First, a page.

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Image Courtesy of John Divola
October 9, 2013

Spotlight: John Divola


In his early 20s, photographer John Divola found himself drawn to the silver butane tanks in the black and white images he was shooting. That discovery, over 40 years ago, led the Los Angeles native who studied at California State University Northridge and University of California Los Angeles, to buy cans of silver spray paint and cruise around looking for something to shoot with the camera in his car. “Then it occurred to me that you can’t just get out of your car and start painting something silver that belongs to somebody,” says Divola, whose work is the subject of three Southern California museum exhibitions this fall. “So then I came across this abandoned house and I said to myself, ‘That’s a place I can go and paint things.’” The photographer says he added pigment to portions of the structure and started shooting. “One thing then led to another and that evolved into the Vandalism series in 1974. I really just kind of backed into it.”

Now those images, along with shots from four decades of Divola’s work, are gathered in John Divola: As Far As I Could Get, three exhibitions on display at the Los Angeles County Museum of Art, Santa Barbara Museum of Art, and Pomona College Museum of Art. The title comes from a series of images Divola shot from 1996 to 2010 with a camera set on a 10-second timer. To create them, the photographer, who teaches at the University of California Riverside, ran straight into the frame he had established in the viewfinder for in each shot. The lines from the camera to Divola are a study in perspective that brings to mind the planes in Ed Ruscha’s gas stations. But here, as with Divola’s abandoned house shots, the photographer alters the natural landscape with his presence. The work looks simultaneously deliberate and random. It’s indicative of the constant sense of evolution and change in Divola’s work. As LACMA curator Britt Salvesen states on the exhibition wall, Divola’s art constantly straddles the border between reality and artifice.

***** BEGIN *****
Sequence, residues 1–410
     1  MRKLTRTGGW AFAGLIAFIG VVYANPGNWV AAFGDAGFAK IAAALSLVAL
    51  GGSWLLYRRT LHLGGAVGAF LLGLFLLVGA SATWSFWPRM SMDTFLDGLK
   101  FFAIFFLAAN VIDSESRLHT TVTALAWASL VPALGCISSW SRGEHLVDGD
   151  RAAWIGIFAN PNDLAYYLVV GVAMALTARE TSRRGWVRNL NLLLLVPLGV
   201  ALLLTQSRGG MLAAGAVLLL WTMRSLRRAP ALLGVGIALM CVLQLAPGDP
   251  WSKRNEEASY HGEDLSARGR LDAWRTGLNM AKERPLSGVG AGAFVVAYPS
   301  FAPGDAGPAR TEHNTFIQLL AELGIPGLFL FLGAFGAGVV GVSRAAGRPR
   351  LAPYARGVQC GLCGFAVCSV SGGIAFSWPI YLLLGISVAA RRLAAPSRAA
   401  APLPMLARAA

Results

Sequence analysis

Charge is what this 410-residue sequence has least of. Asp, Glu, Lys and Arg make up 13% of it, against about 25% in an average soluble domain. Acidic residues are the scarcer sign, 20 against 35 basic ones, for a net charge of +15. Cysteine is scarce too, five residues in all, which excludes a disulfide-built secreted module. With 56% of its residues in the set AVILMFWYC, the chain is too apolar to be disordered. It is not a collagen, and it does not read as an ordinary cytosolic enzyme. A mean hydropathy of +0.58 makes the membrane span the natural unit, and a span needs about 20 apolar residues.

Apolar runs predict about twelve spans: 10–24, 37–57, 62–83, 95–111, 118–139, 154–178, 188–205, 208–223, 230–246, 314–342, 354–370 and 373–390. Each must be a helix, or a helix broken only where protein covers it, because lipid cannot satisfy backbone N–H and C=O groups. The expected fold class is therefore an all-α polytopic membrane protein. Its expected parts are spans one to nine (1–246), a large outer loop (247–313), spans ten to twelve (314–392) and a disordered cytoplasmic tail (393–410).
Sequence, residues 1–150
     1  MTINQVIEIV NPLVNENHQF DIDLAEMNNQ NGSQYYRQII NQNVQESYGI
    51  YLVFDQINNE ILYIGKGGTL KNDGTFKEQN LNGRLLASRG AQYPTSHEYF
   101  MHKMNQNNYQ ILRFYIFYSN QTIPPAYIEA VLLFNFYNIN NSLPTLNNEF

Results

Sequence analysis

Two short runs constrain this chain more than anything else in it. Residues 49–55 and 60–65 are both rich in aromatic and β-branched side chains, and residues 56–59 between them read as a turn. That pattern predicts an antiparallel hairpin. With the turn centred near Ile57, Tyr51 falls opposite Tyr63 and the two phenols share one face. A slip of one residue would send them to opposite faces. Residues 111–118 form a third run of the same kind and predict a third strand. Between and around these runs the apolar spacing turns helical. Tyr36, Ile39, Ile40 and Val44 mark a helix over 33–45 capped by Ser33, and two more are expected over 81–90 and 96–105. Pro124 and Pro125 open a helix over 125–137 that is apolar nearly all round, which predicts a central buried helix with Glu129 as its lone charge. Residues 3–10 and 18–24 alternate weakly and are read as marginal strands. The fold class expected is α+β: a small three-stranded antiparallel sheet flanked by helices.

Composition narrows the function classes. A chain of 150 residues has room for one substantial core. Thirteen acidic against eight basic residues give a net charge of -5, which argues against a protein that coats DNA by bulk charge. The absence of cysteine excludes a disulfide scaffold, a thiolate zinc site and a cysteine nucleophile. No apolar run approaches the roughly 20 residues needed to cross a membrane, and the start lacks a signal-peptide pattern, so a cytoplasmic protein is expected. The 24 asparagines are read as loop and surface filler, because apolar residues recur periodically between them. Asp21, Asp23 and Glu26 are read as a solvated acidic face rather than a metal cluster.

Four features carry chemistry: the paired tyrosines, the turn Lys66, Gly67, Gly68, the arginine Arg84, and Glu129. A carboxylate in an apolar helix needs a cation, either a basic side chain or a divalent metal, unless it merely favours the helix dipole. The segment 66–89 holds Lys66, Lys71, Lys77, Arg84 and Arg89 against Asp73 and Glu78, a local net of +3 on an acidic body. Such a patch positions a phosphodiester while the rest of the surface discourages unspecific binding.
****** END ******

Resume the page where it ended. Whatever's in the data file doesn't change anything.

The three shows include original prints of black and white images and Polaroids, and Divola has spent the past months reprinting the color shots and readying his newest series: Theodore Street (on view in the Santa Barbara show). These images—of an abandoned and vandalized house in the Moreno Valley—are taken with a camera set on a robotic base called a GigaPan that enables Divola to photograph a scene incrementally and stitch hundreds of exposures together into one shot. “I take anywhere from 60 to 100 photographs over about a ten to 15 minute time frame,” he says. The technology came from a team at Cornell University that worked on NASA’s Mars rover camera, and Divola is putting it to use to document the decay of a house situated here on planet Earth. “A lot of people have come into the house, which is clearly on the road to demolition, and painted. I’ve shot it over time and I’m usually in the image somewhere,” Divola says.

The three exhibitions came together organically and Divola says he tries not to look back at old work while he’s pursuing new ideas. “I’m not so interested in somebody trying to sum me up,” he says. “I hate those essays where people feel like they have to pinpoint some kind of definitive characteristic of the artist. It’s impossible and just ends up being boring. I’m more interested in what the curator is interested in; what catches the eye.” Examples of such selections are on display throughout Southern California this fall.

By Elizabeth Varnell

 

Pictured: John Divola, As Far As I Could Get (R02F09), 10 seconds, 1996-7. Pigment Print60 x 40 inches.
Image courtesy of John Divola

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